Main problem, apart from the price, was that the 8088 hardware wasn't PC-compatible, so while it ran MS-DOS, the programs had to go via it for everything rather than hitting the hardware directly.
I love 0:46:
"As I said, the design here was driven by spending time with gamers, and actually putting the control in their hands. We tried out over 100 different form factors - y'know to find what was the most comfortable, and what would give them the best gameplay."
It boggles the mind how godawful the 100+ other controller prototypes must have been for the final monstrosity they selected to have been the best of the bunch.
I just realized he didn't say they tried them out *before* selecting the monstrous disaster that shipped. My 'weasel words' filter must have been glitching.
What he was probably saying out the other side of his mouth was that they found out too late, so they hurriedly put a bunch of razorwire-wrapped joysticks in their hands so that they could spin it as having been tested and approved by gamers.
Or maybe they gave them to a munch of infants and selected the ones that they chewed on the longest.
Those are far more plausible scenarios than believing that a game would have selected that over 100 other designs.
> It boggles the mind how godawful the 100+ other controller prototypes must have been for the final monstrosity they selected to have been the best of the bunch.
It looks like Microsoft fell victim to two things when designing the original Fatty controller.
The first was that the designers were perhaps a bit too giddy about the creation of a new console, and borrowed lots of features from other controllers, including the "dual cartridge slot" mechanism from the Dreamcast.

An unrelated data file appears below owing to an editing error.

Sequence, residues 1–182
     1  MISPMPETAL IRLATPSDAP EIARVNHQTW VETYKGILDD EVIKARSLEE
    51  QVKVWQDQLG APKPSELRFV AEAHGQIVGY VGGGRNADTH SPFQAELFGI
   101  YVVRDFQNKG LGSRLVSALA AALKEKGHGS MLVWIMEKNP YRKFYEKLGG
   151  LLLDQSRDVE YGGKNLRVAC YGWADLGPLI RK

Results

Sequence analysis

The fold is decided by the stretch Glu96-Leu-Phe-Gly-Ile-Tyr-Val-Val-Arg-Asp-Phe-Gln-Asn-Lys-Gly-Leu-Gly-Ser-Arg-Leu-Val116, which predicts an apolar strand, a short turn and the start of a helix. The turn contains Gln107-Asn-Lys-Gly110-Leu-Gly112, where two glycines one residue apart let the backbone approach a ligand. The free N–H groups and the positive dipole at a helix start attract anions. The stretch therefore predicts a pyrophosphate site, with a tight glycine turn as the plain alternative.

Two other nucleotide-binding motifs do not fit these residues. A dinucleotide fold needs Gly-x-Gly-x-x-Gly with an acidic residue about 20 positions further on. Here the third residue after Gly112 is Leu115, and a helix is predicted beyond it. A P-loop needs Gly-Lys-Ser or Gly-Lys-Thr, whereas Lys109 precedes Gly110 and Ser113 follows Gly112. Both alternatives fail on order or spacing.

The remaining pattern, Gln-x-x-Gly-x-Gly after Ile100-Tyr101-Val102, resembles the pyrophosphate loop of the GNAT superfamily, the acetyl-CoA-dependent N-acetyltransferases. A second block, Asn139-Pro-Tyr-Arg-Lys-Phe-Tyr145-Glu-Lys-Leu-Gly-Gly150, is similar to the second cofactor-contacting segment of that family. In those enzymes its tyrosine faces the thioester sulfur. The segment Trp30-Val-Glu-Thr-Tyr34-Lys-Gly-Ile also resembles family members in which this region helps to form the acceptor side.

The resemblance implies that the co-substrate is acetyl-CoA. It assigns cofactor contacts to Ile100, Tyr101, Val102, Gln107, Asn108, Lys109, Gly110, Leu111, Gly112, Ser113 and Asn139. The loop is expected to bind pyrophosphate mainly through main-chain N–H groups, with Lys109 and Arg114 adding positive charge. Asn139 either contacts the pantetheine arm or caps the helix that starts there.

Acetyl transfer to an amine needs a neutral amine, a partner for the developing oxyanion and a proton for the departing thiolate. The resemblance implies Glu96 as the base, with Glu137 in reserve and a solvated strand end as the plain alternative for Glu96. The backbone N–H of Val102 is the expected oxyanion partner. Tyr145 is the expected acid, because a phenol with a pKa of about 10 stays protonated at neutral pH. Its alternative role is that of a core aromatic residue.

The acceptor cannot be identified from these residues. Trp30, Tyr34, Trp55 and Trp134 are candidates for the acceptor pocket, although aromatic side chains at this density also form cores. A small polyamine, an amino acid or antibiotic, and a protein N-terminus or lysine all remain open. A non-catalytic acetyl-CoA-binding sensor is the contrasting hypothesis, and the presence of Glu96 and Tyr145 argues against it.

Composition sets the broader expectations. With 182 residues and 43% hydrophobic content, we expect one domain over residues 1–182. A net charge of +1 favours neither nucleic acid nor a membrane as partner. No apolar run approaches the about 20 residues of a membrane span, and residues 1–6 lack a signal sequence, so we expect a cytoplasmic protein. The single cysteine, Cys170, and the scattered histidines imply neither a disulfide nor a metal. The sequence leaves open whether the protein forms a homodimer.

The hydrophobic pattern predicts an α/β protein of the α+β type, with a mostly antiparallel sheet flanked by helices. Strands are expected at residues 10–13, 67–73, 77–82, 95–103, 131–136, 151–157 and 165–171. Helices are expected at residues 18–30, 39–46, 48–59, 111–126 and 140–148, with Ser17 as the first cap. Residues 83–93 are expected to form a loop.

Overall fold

Which to my mind was a daft idea - where Sega used their controller slots for rumble-packs and the overly ambitious mini-gameboy memory cards, the Xbox controller already had vibration capabilities, so the only thing they ever got used for was for memory cards. Which themselves weren't particularly popular, since you could save games to the internal HDD.
The second problem was that for whatever reason, Microsoft wasn't able to get their supplier to provide them with high-tech circuit boards. Which put further constraints on how small they could make the controllers.
So, yeah. Given the design and technology constraints, it probably was the best option ;)
Personally, I never had an issue with the size of the original controllers - though I do remember the various digs Penny Arcade made, including the comic where one of the characters is all but invisible as he sits under a coffee-table sized controller...
There's a reason most console controllers now look something like the original Playstation controller (itself an updated SNES controller):
"In development, we simulated every possible joypad situation. We imagined what it would be like to have to continually put the pad down while mapping a game, or playing while lying on the floor, and many other cases. After that we had to decide on the weight of the buttons and the pad itself. We adjusted the weights one gram at a time and eventually we found the correct balance. We probably spent as much time on the joypad's development as we did on the body of the machine."
I think at this point, we've got two main evolutionary paths.
In one corner, we have Nintendo, who took the distinctly "functional" NES controller and rounded it off to create the SNES controller. Sony took that, and added wings to make the original PSX controller, after which it's evolved to include analog sticks, vibration motors and much more besides, such as the motion controls, touchpad, speakers, lightbar, microphone, variable-resistance triggers, etc.